Girardi no stranger to piecing pitching together; Warren will be waiting in the wings
By Barry M. Bloom
NEW YORK -- Masahiro Tanaka's inaugural start in the Major League Baseball postseason tonight already had taken on mammoth proportions.
First of all, the winner of the single-elimination American League Wild Card Game presented by Budweiser (8 p.m. ET, ESPN) moves on to the best-of-five AL Division Series against the defending AL champion Royals in Kansas City, beginning on Thursday night.
"I mean, you have to be a little bit, probably more creative, but it's something I've gotten a lot of practice with over the last few years," Yankees manager Joe Girardi said on Monday.
"And we've had to do it during the course of this season with the rotation of the relievers, the shuttle between [Triple-A] Scranton, the starters that we've had to replace at different times, starters going down and someone stepping in. So we have to be creative a little bit, but we'll do that."
Girardi is indeed correct. The Yankees' starting rotation has been a patchwork quilt for at least the past two seasons. Last year, 80 percent of the perspective rotation was injured for much of the year, including Tanaka and CC Sabathia, who missed every game after May 10 because of a right knee problem and ultimately had surgery.
Tanaka missed three months nursing a partial tear of a ligament in his right elbow.
It's not as if any of this was fixed this season. The same guys who were hurt last year -- Tanaka, Sabathia, Ivan Nova and Michael Pineda -- also missed sizable portions of the season this time around.
Despite pitching with a right knee brace for the last month, Sabathia had been one of New York's few reliable starters. The Yanks finished the season losing six of the last seven and only Sabathia gave them a serviceable outing, holding the Red Sox to just one run on six hits in five innings on Thursday night, when the Yanks secured a Wild Card berth and won the 10,000th game in franchise history.
Nova and Pineda each lost twice. Tanaka, returning from a Grade 1 right hamstring strain suffered while breaking out of the box bunting in a loss to the Mets on Sept. 18, was clobbered in a 9-5 loss to Boston this past Wednesday night.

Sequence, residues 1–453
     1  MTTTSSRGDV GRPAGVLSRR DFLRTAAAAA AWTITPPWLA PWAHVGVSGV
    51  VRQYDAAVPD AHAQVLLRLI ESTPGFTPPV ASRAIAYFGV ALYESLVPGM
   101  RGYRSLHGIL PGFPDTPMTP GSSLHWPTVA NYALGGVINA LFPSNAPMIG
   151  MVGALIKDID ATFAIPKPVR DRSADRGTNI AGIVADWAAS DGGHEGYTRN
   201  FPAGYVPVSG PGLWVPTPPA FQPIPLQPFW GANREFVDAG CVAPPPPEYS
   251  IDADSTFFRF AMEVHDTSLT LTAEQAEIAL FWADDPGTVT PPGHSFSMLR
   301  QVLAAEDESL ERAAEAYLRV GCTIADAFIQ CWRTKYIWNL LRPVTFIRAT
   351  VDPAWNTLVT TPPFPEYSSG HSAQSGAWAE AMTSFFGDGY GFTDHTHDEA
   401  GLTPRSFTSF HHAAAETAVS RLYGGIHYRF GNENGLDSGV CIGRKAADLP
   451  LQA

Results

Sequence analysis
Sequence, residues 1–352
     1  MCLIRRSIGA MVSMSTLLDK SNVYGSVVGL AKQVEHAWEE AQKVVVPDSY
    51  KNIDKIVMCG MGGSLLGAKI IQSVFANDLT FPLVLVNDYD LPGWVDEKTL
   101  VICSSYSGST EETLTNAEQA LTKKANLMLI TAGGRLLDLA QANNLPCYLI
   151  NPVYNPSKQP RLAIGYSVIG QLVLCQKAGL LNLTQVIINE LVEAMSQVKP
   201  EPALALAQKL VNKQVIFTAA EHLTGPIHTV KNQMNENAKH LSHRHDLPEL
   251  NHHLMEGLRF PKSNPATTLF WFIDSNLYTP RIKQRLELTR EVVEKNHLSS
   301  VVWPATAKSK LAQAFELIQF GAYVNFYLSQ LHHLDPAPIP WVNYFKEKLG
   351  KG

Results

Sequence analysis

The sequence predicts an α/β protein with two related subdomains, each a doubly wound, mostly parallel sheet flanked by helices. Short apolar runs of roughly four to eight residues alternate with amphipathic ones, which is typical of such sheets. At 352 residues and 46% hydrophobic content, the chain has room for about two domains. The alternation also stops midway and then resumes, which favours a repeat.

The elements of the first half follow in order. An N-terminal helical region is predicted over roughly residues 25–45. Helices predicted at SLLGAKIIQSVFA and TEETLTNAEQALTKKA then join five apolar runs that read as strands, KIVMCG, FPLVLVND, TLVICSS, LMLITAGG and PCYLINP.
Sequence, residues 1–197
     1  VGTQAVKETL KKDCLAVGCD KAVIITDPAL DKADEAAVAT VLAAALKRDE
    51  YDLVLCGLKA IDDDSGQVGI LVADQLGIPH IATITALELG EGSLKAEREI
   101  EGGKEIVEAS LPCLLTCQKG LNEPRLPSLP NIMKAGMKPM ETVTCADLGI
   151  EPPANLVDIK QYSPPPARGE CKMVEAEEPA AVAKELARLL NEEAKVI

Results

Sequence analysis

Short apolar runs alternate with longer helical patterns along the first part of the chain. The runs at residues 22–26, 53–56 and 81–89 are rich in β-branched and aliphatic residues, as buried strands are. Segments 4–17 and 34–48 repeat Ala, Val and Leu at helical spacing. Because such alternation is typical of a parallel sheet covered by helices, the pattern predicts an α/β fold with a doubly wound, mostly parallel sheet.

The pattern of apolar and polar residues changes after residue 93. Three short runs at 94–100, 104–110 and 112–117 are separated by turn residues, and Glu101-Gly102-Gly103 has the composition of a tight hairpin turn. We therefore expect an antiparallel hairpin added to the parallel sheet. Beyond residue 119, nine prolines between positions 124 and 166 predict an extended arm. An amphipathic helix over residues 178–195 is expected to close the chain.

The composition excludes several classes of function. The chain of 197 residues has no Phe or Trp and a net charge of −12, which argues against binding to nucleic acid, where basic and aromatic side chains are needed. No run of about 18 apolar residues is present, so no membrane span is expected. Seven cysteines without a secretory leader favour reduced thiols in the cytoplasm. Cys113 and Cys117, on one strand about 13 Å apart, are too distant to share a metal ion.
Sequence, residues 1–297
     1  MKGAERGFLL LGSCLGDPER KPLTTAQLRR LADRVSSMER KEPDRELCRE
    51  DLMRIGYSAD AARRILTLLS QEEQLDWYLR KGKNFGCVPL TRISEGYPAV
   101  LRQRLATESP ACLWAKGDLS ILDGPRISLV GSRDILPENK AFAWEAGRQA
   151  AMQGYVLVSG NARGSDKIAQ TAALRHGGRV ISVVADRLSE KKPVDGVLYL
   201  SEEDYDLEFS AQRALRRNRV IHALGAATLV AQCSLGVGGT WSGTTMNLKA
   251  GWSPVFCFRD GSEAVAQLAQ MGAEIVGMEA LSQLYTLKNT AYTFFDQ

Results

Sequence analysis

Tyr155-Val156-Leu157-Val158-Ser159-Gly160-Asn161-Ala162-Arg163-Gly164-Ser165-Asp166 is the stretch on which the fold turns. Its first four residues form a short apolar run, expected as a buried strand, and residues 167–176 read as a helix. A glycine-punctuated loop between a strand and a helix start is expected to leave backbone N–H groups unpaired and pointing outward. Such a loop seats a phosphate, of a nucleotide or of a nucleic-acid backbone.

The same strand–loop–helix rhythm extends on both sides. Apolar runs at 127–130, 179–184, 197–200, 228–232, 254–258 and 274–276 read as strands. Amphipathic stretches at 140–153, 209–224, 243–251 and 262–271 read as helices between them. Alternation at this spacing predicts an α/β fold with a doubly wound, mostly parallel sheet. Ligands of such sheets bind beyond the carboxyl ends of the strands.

Tanaka also missed the month of May because of a flexor tendon issue in his right forearm. If he breaks down tonight, the first line of defense will be right-hander Adam Warren, who threw three innings of scoreless ball behind Sabathia on Thursday night and hasn't pitched since.
Then it's bullpen by committee.
Yanks general manager Brian Cashman said Tanaka should feel no additional pressure because Sabathia, who left the team for the rest of the year to enter an alcohol rehabilitation center, would have been utilized in a limited fashion.
"Only in a left on left. Only to get a left-hander out as situational lefty, that would have been his only role tomorrow," Cashman said Monday.
Girardi had to use up the rest of his starters on Saturday and Sunday in Baltimore trying to secure home-field advantage for tonight's game. To their good fortune, the Astros lost to the D-backs on Sunday, and that's the reason the game is being played at Yankee Stadium.
Nova, who returned on June 24 after missing more than a year because of Tommy John surgery, was not effective in Saturday's first game of a doubleheader. Pineda didn't make it through the fourth inning on Sunday and won't be available tonight.
Even rookie Luis Severino threw 91 pitches, giving up three runs on five hits in seven innings, but he allowed a Nolan Reimold homer on his second pitch of Saturday's nightcap to set the tone of the 4-3 loss.
Cashman said Warren, Severino and Nova could all be available behind Tanaka, although neither he nor Girardi were willing to divulge the 25-man roster for the Wild Card Game until today. It should be noted that the winning team gets a chance to reset all that prior to the start of the ALDS.
If the Yankees survive the Astros and 20-game winner Dallas Keuchel, there's no telling who will start against the Royals on Thursday night, although Nova and Severino would have the appropriate amount of rest.
It's unlikely Girardi would start Pineda on a three-day cycle after he missed this past August with a right forearm injury and was yanked on Sunday after 83 pitches in only 3 2/3 innings. Pineda would be the likely candidate for Game 2 on Friday.
It's no wonder all eyes in the Yankees' organization are now on Tanaka, who didn't inspire any confidence when he faced the Astros this season on June 27 at Houston and was bounced around for six runs on seven hits in five innings in a 9-6 Yankees win.
"Obviously I remember it not being a good one, a good outing, but I do remember that I wasn't at my best during that particular time," Tanaka said. "So this time around it's going to be a different Masahiro from the last time out."
How and why is up to question, and Tanaka declined to talk about his game plan, saying only that the Astros have a lot of young and exciting players who put good swings on the ball.
"So I have to be cautious," he said.
He also has to stay healthy, and Cashman said he's pretty confident of that.
"I don't think there's any issue going on with his hamstring and his elbow has been fine all year," he said. "As far as we're concerned, he's completely healthy -- and it's good that we got him that outing before this playoff game, because if we didn't, I don't know what we'd be getting."
And that is, in fact, the most truthful assessment of the entire Yankees season.